|St. Joseph Chaldean Catholic Church in Troy, MI|
By now, many of us have come to realize that the liturgical traditions of the Catholic Church are rich and numerous. Following an introduction on all 23 of the Eastern Catholic Churches, we’ve already delved into the Armenian and Alexandrian Rites of the Catholic Church. Today, we’ll take a look at the East Syrian (or Chaldean) Rite, which houses two more sui iuris (that is, particular) Churches. Those two Churches are the Chaldean Catholic Church and the Syro-Malabar Catholic Church. Both of these Churches trace their lineage back to St. Thomas the Apostle, with many Syriac Christians (both Catholic and Orthodox alike) preferring to call themselves “St. Thomas Christians”. Pope St. John Paul II also appreciated the beautiful traditions and faithfulness of these Churches, as he mentioned to the bishops of the Syro-Malabar Catholic Church in India on their “Ad Limina” visit to Rome visit back in 2003: “The Liturgy of the Syro-Malabar Church, for centuries a part of India’s rich and varied culture, is the most vivid expression of your people’s identity. The celebration of the Eucharistic Mystery in the [East Syrian] Rite has played a vital part in molding the experience of faith in India.”
And on Chaldean Catholics, St. John Paul conveyed his love and appreciation of the faithful to Patriarch Raphael I Bidawid in a 1993 letter: “The entire Church, close to you who are in need, is grateful to you and proud of you for the faith with which you are witnessing to Christ’s name. Your land preserves Christian memories of immense value… testify[ing] to an ancient flourishing Christianity that was generous in its apostolic zeal, famous for the depth of its doctrine and missionary commitment to distant countries.”
We will delve a little more into the traditions, liturgical structures, and great saints of these two Churches in this essay so as to bring us as Latin Catholics into a better familiarity with our Eastern Catholic brethren.
Chaldean Catholic Church
Tradition holds that the ancient Assyrian Church, in the lands that made up Mesopotamia, was founded by St. Thomas the Apostle and his disciple St. Thaddeus (or Addai) of Edessa. During the fifth century, the first major schism to seriously rock the universal Catholic Church occurred when these Assyrian Christians declared in 424 that their patriarch was no longer subject to the Pope in Rome. Also, in direct opposition to the teachings promulgated at the third Ecumenical Council of Ephesus in 431, the Assyrian Church rejected the Christological definitions that deemed Nestorius’ teachings on the nature of Christ’s divinity heretical. This effectively cut the Assyrian Christians off from the rest of the Christianity, both Rome and Byzantium, and with this schism we see the beginning of the current day Assyrian Church of the East. This Church’s orders and sacraments are still considered valid by the Catholic Church. However, it wasn’t until the 16th century that some bishops and priests would seek reunion with Rome.
In 1552, a group of Assyrian bishops decided to return to the Catholic Church. This was in part instigated by the fact that the patriarchal succession within the Assyrian Church of the East was hereditary. Usually, the nephew of the patriarch was appointed, and this led to several patriarchs who were unfit for the job, or too young. In this case, the patriarch at the time had appointed his 12 year old nephew as his successor. After the nephew died, his 15 year old brother was appointed. For these and other reasons, a group of clergy rebelled and elected a monk named Sulaka as patriarch. However, none of these bishops who rebelled against the patriarch were metropolitans, and thus had no one to consecrate Sulaka. It seemed the group had reached an impasse until they traveled to the Holy Land where the Franciscans were already working with other Nestorians. Sulaka and his group talked with the Franciscans about having the Pope ordain and consecrate Sulaka as bishop and patriarch, and after sufficiently convincing the Franciscans that they were willing to submit to the Catholic Church in matters of doctrine and authority, the Franciscan friars gave them a letter of presentation to the Pope, and with a translator in tow, Sulaka and his compatriots headed for Rome.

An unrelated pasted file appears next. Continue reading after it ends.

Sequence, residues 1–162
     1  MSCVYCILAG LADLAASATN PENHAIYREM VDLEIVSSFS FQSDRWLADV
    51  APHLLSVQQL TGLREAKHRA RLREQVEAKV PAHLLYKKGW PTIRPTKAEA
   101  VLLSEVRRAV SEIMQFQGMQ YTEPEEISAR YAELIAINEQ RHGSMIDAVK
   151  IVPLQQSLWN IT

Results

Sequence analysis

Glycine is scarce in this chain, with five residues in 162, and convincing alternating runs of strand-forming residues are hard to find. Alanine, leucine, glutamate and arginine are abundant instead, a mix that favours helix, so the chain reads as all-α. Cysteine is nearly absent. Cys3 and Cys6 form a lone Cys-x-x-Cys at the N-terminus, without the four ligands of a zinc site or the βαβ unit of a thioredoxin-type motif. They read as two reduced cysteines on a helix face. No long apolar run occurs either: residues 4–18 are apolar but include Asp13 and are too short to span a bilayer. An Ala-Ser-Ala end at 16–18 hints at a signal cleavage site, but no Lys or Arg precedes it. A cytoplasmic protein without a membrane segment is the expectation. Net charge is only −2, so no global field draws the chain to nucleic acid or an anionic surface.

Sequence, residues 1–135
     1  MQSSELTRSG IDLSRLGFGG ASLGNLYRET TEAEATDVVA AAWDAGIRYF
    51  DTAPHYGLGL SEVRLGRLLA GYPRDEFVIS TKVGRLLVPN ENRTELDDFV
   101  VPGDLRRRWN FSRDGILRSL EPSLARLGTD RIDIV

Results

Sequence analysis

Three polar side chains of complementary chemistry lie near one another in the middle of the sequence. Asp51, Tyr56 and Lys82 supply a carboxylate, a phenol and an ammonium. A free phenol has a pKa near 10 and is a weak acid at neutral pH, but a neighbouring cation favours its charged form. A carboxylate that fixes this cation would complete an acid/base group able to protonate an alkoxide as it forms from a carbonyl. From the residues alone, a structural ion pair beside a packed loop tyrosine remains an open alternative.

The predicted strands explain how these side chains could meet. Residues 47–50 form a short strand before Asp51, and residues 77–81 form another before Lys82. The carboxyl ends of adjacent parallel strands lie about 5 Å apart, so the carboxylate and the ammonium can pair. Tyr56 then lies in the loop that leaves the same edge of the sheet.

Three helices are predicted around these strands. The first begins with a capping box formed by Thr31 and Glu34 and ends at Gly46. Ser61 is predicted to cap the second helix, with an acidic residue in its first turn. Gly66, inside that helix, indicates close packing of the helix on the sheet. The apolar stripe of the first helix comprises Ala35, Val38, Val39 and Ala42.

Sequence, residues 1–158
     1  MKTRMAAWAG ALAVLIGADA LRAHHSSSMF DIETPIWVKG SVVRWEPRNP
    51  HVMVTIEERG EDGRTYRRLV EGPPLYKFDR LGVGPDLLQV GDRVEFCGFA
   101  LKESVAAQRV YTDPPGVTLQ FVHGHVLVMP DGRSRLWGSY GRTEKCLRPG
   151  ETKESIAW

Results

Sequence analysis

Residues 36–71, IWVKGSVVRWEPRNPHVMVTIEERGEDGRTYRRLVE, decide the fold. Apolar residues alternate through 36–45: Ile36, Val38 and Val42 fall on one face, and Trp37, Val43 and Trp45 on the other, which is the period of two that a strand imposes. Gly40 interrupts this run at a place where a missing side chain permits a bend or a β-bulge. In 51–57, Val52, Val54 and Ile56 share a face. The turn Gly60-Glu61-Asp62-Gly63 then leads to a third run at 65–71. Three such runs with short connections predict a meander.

In 1553, Sulaka petitioned Pope Julius III to consecrate him as patriarch, and on February 20th, he made a profession of faith in front of the Pope. A couple months later, on April 9, 1553, he was consecrated as bishop in St. Peter’s Basilica, and was named Patriarch of the Chaldeans. Sulaka took the name of Shimun VIII Yohannan Sulaka. The newly installed patriarch of the Chaldean Catholic Church returned home in November and fixed his seat in the city of Amid. Less than two years later, he was put to death after being tortured by those belonging to the Assyrian Church of the East, but not before consecrating five bishops and elevating them to the rank of metropolitan so that the new line of patriarchs could continue.
Over the next few hundred years, there was much fighting that occurred in the area as a result of the schism, and the patriarchate of the Chaldean Catholics went under many changes and divisions itself. It wasn’t until 1830 when two of the patriarchates which both professed the Catholic faith were consolidated into one and the new patriarch, Yohannan VIII Hormizd, was given the title of “Patriarch of Babylon of the Chaldeans”, a title still used by the patriarch to this day. The Chaldean Catholic Church is known as one of six Eastern Catholic Churches to be called a patriarchal Church.
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